September 17, 2002

Bicycle Theft Rises

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Twelve bicycles have been reported stolen in a rash of thefts over the past three weeks as the Cornell University Police Department (CUPD) urges Cornellians to be more diligent about protecting their bikes.

One victim of the thefts, Laura Karlin ’05, left her bicycle outside Uris Hall last Thursday morning. Because she was in a hurry, she haphazardly locked her bike and ran to class.

“My first thought was ‘it’s not like anyone’s going to steal it,'” Karlin said.

When she returned, she noticed her bike was missing. She then reported the crime to the police, who were skeptical about the odds of finding her bike.

“Considering I had no serial number or registration, he sort of chuckled and said ‘zero to none,'” Karlin added.

Captain Curtis Ostrander, deputy director of the CUPD, explained that there is a higher concentration of bicycle theft cases at the beginning of the semester, just as students return to school. However, he described most bicycle thefts as a crime of opportunity, where bikes often turn up on the other side of campus.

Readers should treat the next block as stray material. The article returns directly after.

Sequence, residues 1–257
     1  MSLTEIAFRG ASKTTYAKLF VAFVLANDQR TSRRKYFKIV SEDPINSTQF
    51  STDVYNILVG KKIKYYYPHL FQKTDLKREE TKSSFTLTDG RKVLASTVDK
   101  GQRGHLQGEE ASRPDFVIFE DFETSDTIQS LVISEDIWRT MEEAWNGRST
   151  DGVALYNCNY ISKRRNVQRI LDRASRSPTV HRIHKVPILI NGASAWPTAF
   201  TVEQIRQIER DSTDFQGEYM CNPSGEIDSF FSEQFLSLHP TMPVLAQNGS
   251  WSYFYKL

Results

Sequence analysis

“In the majority of reported cases, the bikes were unlocked. Usually, [the culprits] are looking for an alternative way home,” Ostrander said.

Theft locations include Upson, Cascadilla, Sheldon, Risley, and Mary Donlon Halls. However, no clear patterns have emerged in terms of time or place of the thefts.

Ostrander advises community members to use U-bolt “Kryptonite” brand locks instead of chain and cable locks.

“Very seldom do we see these Kryptonite locks getting stolen,” Ostrander added.

He also recommended removing the front wheel and locking it with the entire frame and helmet.

George Sutfin, crime prevention officer with the CUPD, echoed Ostrander’s advice and advised Cornellians to register their bicycles with the police. He also suggested that bikers remove the bike seat and take it with them, as officers will question anyone with a bike missing a seat.

“Registration is free at the lost and found office in Barton Hall and [it] documents all pertinent information about the bike,” Sutfin said.

Sutfin also urged members of the Cornell community to be vigilant and report any suspicious activity around bike racks.

“We really do need the public’s help in keeping an eye out,” Sutfin added.

Although Karlin recognized the slim odds of seeing her former bicycle, she offered some advice for other bikers.

“Get a lock. People don’t seem to cut through locks,” she said.

Archived article by Krishna Raghavan